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ADATA SE730 (2016) 250GB Portable SSD Review

ADATA has launched a range of new portable SSD options, and we start our journey revisiting the SE730 external drive to see what it can do.

Published Tue, Nov 15 2016 9:21 PM CST   |   Updated Tue, Nov 3 2020 6:58 PM CST
Rating: 88%Manufacturer: ADATA
ADATA SE730 (2016) 250GB Portable SSD Review 99 | TweakTown.com

Portable SSDs are rather plentiful in the market with many vendors taking part, but the cost of these solutions hasn't reflected the near 0.50 cent per GB the market has been at for a while now.

We last looked at portable solutions from ADATA at the beginning of the year with the HD720, and with their last portable SSD way back in 2013. However, ADATA has recently launched three new portable SSDs, and since we had them all in house, a roll of the dice has us starting off the with the SE730.

The 730, if you remember, was a drive we previewed way back in June of 2015, well before USB 3.1 became mainstream. Now with the retail version hitting the shelves, it's time to see if the performance has changed because the exterior design certainly has. Coming from the white and silver aesthetic of the preview, the retail version of the SE730 features a gold exterior with black endcaps and is IP68 certified. Using a Gen 2 USB-C interface, the SE730 is capable of 500 MB/s read and write based on marketing and comes in a single 250GB capacity.

Compatibility is pretty broad with this solution with Windows XP through 10 support along with OS X 10.6, Linux 2.6+, and Android 5.0 support. The MSRP of the 250GB ADATA SE730 portable SSD comes in at $139.99 with a three-year warranty.

ADATA SE730 (2016) 250GB Portable SSD Review 02 | TweakTown.com

Packaging is simple for the SE730. A centered window gives a look at the drive while capacity and model are in the bottom right.

ADATA SE730 (2016) 250GB Portable SSD Review 03 | TweakTown.com

The back side provides specifications of the drive along with compatible operating systems.

ADATA SE730 (2016) 250GB Portable SSD Review 04 | TweakTown.com

Delivery included a Type-C to C cable and reading materials.

ADATA SE730 (2016) 250GB Portable SSD Review 05 | TweakTown.com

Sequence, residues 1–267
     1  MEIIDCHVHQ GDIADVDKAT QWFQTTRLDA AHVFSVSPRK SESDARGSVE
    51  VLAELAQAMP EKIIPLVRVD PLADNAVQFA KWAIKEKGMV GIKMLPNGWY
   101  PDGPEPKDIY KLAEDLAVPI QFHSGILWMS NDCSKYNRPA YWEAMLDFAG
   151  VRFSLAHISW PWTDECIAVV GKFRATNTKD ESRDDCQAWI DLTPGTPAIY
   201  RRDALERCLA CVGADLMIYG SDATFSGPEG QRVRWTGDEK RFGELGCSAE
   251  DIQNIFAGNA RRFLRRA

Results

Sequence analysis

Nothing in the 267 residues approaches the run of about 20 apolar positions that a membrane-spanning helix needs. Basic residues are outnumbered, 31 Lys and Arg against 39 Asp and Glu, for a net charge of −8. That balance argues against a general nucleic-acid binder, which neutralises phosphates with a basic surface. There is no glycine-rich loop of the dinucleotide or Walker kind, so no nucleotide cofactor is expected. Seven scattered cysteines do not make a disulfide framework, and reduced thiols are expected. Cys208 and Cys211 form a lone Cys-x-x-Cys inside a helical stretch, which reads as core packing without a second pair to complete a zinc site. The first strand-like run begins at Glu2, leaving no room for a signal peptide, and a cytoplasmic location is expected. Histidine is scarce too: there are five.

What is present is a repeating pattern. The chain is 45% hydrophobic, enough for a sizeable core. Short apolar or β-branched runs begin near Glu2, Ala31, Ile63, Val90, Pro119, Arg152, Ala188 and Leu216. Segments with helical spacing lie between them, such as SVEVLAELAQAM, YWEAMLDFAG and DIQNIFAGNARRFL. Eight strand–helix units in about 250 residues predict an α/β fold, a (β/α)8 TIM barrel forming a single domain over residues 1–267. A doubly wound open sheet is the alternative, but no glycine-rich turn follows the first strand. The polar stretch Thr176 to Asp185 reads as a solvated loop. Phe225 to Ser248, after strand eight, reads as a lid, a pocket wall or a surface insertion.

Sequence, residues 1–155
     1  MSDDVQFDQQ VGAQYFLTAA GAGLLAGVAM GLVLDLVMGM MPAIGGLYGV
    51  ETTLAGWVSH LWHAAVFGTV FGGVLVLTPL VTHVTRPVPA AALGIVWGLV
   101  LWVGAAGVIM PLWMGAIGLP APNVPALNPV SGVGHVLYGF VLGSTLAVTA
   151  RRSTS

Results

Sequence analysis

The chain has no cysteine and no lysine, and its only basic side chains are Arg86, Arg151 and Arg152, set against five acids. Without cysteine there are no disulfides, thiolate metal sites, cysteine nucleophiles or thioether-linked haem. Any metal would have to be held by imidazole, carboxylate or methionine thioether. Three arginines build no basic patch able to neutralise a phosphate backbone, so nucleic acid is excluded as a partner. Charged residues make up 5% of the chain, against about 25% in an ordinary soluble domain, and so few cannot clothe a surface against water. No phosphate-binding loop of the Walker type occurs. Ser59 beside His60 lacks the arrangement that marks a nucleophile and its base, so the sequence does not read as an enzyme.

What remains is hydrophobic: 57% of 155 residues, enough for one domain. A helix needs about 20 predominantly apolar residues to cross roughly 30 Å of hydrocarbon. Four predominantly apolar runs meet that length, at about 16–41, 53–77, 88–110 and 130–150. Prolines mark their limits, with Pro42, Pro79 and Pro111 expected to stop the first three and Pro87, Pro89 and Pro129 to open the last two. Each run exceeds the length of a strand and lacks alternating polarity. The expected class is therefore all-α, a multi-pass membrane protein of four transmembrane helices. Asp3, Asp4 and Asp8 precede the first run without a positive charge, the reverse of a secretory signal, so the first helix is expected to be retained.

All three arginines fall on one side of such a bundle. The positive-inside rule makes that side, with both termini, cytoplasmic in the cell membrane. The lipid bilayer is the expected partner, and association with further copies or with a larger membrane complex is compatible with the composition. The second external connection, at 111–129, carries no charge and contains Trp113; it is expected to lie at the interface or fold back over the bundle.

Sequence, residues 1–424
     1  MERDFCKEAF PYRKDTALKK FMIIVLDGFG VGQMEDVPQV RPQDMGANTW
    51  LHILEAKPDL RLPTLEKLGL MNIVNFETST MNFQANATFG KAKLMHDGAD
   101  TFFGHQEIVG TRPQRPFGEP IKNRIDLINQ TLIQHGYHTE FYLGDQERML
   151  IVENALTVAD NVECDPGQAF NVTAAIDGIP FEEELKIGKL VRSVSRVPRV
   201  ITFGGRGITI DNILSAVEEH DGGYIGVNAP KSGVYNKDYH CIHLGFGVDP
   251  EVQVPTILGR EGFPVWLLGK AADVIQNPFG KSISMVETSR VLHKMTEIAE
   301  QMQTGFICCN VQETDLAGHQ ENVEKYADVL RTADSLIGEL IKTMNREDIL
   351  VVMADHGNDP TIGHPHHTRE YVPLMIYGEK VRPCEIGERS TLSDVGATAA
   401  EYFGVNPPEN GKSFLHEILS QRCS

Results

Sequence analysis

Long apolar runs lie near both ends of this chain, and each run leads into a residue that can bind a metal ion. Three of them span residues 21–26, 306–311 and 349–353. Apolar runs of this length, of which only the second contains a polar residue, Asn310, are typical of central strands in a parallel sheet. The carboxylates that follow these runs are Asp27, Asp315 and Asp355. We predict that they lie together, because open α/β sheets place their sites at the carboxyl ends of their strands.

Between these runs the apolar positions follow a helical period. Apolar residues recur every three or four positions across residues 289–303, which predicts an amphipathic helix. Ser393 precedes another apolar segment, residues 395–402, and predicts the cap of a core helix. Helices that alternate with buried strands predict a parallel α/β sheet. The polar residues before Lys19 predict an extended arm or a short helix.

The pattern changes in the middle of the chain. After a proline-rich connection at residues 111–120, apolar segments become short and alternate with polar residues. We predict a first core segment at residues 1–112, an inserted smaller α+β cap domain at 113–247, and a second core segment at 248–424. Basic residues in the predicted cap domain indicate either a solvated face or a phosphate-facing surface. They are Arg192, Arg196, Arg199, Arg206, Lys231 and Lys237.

The body of the drive is aluminum possibly powder coated gold with subtle branding on the top. The ends are a nylon type material complete with rubber gaskets to seal against water and dust.

ADATA SE730 (2016) 250GB Portable SSD Review 07 | TweakTown.com

On the end of the USB-C connection, you can see they have doubled up the plastic seal with an inner that houses the connector and an outer that houses the gasket.

ADATA SE730 (2016) 250GB Portable SSD Review 09 | TweakTown.com

To start testing of performance, I started with three runs of the flash benchmark. Peak write performance came in at 460 MB/s with read around 368 MB/s.

ADATA SE730 (2016) 250GB Portable SSD Review 10 | TweakTown.com

Moving to CDM, performance was a bit different with read topping out at 378 MB/s and write at 432 MB/s at QD32 while standard sequential showed 411 MB/s read and 455 MB/s write.

ADATA SE730 (2016) 250GB Portable SSD Review 11 | TweakTown.com

Above, I took a snap to see if this is a ground up purpose built solution or if they used an mSATA SSD with a bridge. It appears ADATA has designed the SE730 to be its own device from the start with firmware version 6.0SE on our unit.

I was able to use the SE730 for a few days moving data from the desktop to laptop a number of times, and I was actually quite pleased with the performance. On top of this, I even took it to the field with me one day full of MP3s to play while working and came away happy that even all the bouncing around in a dust filled cab I had no issues with the drive. One thing I didn't get a chance to do was a water test, but I do have some ideas for future drives that are certified.

Moving on, performance wasn't completely as expected. I thought we would see more performance on the read side of the drive where I peaked at 411 MB/s in CDM as opposed to write performance that topped 458 MB/s. When looking at the CDI for the SE730, we did find it is a custom design PCB for this solution, but it does appear to use a SATA interface.

Overall, it's a hard sell for the ADATA SE730 with just one capacity option. The Samsung T3 in the same 250GB capacity is selling for $35 USD cheaper at several online retailers, but with that, ADATA has expanded the warranty of this device to three years, and coupling that with its IP68 certification, there is certainly some comfort there for potential buyers.

UPDATE: ADATA alerted us that the SE730 250GB is now selling for $120 on Amazon, now just $9 more expensive than the Samsung T3 250GB.

Tyler's Test System Specifications

TweakTown award
Quality including Design and Build90%
General Features92%
Bundle and Packaging85%
Value for Money88%

The Bottom Line: ADATA's SE730 external drive is one of the most compact portable SSDs on the market yet retains durability with its IP68 certification.

PRICING: You can find products similar to this one for sale below.

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CACanada: Find other tech and computer products like this over at Amazon.ca

DEDeutschland: Finde andere Technik- und Computerprodukte wie dieses auf Amazon.de

Growing up in a small farm town, tech wasn't around, unless it was in a tractor. At an early age, Tyler's parents brought home their first PC. Tyler was hooked and learned what it meant to format a HDD, spending many nights reinstalling Windows 95. Tyler's love and enthusiast nature always kept his PC nearby. Eager to get deeper into tech, he started reviewing.

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